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Mother Tongue

By Isabel Tejera

'Rose, I whispered as they zipped my mother in her body bag, / get out of there. / Your plants are dying. / Enough is enough. / Time is a motherfucker, I said to the gravestones, alive, / absurd’. Ocean Vuong expresses the depths of grief and loss in his latest collection Time Is a Mother. The poet was born on a rice farm in Saigon in 1988. At the age of two, he moved with his family to Connecticut. Growing up in America as a Vietnamese, gay, working-class immigrant, he spent his formative years on the periphery; even now, after winning prestigious awards and securing a movie deal for his novel On Earth We’re Briefly Gorgeous, Vuong’s humility remains an integral part of his character. He used the prize money from the 2016 Whiting Award as a down payment for a modest home for his mother, and after the flurry of grant money, his only big splurge was on a coat. In a 2019 interview, Vuong explains: ‘I don’t see myself as a success story even though I’ve experienced success. Everything I learned along the way was a strength.’ Raised Buddhist, he still meditates and continuously reminds himself of the person he was when he first fell in love with writing. ‘I bring him to the present,’ he says, ‘not the person who won the awards – he has nothing to teach me.’ The alienation of Vuong’s youth is precisely what makes his poetry so vulnerable and perceptive. If Vuong’s writing accomplishes one thing, it is plunging the reader into his rich emotional landscape.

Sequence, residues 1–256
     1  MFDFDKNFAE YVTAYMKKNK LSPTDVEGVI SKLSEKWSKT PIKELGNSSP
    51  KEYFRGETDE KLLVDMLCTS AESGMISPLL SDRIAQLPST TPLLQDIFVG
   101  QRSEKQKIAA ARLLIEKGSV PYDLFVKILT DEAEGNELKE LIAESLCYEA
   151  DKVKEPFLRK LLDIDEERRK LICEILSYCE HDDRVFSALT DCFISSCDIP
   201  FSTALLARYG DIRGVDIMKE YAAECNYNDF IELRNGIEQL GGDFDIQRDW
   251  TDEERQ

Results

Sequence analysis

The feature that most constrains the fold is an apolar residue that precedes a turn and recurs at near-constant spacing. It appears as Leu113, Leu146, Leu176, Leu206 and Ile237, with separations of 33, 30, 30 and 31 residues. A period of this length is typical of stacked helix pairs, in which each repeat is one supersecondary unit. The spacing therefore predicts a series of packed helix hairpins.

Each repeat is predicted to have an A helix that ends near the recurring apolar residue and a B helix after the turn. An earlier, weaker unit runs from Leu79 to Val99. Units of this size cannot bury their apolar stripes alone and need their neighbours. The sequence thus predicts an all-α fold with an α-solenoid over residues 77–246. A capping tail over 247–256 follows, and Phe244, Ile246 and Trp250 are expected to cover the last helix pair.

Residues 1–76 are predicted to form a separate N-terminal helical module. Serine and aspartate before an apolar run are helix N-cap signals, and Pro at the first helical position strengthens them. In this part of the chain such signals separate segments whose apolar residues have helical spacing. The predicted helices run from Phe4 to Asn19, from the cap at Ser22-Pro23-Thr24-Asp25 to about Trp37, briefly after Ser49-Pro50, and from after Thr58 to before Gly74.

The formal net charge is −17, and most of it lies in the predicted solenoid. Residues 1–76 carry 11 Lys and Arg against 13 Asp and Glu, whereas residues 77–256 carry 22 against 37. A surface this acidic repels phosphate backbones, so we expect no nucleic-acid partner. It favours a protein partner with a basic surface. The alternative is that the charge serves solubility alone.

Ever since his debut book, Night Sky With Exit Wounds, Vuong has evinced the extraordinary ability to convey moments that are at once deeply personal and universal. In the first few pages, his feelings take on a life of their own, grab you by the hand and hurl you into a world of turbulence. The distant voice in the opening lines of ‘Threshold’, the first poem in the collection, arrests the reader: ‘In the body, where everything has a price, / I was a beggar. On my knees, / I watched, through the keyhole, not / the man showering, but the rain / falling through him’. The speaker reveals himself to be on the outside, looking in – and positions the reader likewise. The private act of showering contrasts with the distance of the spectacle, and the poem’s title itself implies a sort of tipping point. How far do we go in order to feel loved? To answer this question, Vuong draws the reader into his journey of self-knowledge. Throughout the collection, the poems cover expansive ground and offer little respite from trouble and grief – from his family’s arrival in America after the Vietnam War and their struggle to assimilate, to Vuong’s troubled relationship with his father and exploration of his sexuality.